This image appeared in the SEAPOWER magazine published by the Navy League of the United States. Its image stood out because there is an Oiler in the photo. Oilers are the subject of this web site. The actual image was for a specific companies product.

This author experienced the switch to laptops in the 1990's while working with BOEING. Each employee's workstation connection then needed a laptop docking device. The employee was supplied with a laptop which was to be disconnected when they left work and either locked up or carried home. Those huge old computer towers disappeared. The process of using the laptop required it to be connected to the network at the employee's work station by redocking or it could be connected to the network at home or anywhere with the use of a PC cord. Wireless connections came along 4 or 5 years later. Logging in to the company network required the entering a constantly changing password. Each employee is recognized with this connection and has permissions to use only certain files on the company servers.

Laptops in the military serve a great purpose; a secure and fast means of communications. On navy ships, the wireless connection (as pointed out by Lia Burris ET1 SW) is not possible because each compartment is enclosed within metal, watertight bulkheads. A satellite connection is possible if your laptop is outside. She was on the ships cableway inspection team which was not fun. She too served during the era of converting to laptops. All cables passing through each watertight bulkhead must be sealed properly and many people did not do it properly. Perhaps cruise ships have special rooms set up where wireless will work like internet cafes. Ships power systems have more interruptions and spikes than public power and a laptop computer most certainly needs the best power protection.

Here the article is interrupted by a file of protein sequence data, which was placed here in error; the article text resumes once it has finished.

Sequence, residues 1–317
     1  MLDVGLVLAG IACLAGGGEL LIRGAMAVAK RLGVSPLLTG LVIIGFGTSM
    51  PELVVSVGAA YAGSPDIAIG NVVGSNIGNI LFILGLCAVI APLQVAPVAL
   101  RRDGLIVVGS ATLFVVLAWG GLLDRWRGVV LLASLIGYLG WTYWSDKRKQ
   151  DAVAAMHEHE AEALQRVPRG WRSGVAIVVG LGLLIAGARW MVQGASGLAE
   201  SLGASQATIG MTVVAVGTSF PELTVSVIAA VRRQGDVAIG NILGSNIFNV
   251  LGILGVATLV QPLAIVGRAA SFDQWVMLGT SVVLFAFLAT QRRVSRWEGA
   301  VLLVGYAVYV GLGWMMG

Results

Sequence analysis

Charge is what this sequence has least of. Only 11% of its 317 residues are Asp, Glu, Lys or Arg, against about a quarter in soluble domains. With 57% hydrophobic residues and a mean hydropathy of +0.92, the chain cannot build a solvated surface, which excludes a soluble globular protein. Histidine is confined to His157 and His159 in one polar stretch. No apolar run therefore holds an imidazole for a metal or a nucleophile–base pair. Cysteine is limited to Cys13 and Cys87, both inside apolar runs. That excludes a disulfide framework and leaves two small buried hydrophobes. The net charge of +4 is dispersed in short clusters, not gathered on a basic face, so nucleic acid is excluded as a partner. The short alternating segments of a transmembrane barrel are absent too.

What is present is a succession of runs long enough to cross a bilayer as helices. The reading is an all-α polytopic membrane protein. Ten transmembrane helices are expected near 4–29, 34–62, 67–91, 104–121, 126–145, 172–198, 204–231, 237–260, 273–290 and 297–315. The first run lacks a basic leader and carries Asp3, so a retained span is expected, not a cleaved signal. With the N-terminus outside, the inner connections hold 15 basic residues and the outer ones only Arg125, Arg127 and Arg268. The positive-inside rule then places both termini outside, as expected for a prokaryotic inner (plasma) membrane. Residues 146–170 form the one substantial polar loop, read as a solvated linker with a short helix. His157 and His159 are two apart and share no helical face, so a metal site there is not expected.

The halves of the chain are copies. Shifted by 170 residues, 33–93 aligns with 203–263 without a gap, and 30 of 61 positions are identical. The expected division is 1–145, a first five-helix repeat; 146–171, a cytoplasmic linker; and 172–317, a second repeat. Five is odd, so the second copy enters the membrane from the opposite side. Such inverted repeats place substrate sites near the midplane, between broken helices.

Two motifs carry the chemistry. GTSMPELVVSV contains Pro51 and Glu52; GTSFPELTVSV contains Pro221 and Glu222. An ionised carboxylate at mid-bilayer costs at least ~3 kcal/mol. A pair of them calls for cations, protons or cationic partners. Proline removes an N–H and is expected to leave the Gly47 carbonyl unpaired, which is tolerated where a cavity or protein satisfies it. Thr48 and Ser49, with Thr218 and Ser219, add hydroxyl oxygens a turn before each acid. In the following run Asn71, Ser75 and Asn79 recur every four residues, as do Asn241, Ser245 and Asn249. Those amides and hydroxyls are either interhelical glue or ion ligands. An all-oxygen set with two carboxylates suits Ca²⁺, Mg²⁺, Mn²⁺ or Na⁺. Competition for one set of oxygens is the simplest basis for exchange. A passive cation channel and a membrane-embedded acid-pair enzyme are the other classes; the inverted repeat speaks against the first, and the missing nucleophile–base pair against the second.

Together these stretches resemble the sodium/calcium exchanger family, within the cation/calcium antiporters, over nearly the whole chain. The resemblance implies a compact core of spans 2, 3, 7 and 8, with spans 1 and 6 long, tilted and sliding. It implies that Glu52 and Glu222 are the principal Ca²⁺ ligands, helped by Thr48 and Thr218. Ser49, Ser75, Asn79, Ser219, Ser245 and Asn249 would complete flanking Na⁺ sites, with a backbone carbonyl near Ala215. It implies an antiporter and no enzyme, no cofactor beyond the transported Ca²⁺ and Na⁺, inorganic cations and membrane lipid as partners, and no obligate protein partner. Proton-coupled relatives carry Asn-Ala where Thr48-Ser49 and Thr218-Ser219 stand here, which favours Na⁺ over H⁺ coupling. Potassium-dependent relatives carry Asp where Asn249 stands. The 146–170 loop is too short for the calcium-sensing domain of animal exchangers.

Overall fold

Ships inventory systems had a great improvement when computers were introduced. Modern day crew members have no idea what it was like to go down into the supply hole, expecting parts to be in a drawer and have them not there all because someone did not take the time to update the inventory list. Now they have the scanner. Now it is all bar codes. Now, ordering one part and receiving 1000 because the system had a glitch, is a rarity. Before, lots and lots of paper work had to be filled out by hand. Now the information is routed to people over the network, avoiding the need to hand carry it around the ship, up and down ladders, hoping people have time to read and sign it. No time wasted running around to those in charge. No interruptions of an officers schedule with knocks on the door, only special pings or bells from their laptops. They are spoiled rotten. :) Lia

Currently, systems can be accessed on an up and running computer military computer by swiping a password protected common access card, anywhere in the world. Even just to read your email. Persons can function with a laptop as if they were at their own desk. If physically in California, documents can be printed out in your office in Maryland or any other printer in the world.

Still, during a combat situation aboard ship, you have to hope the cabling system has alternate/backup cabling where you can move to another location to communicate.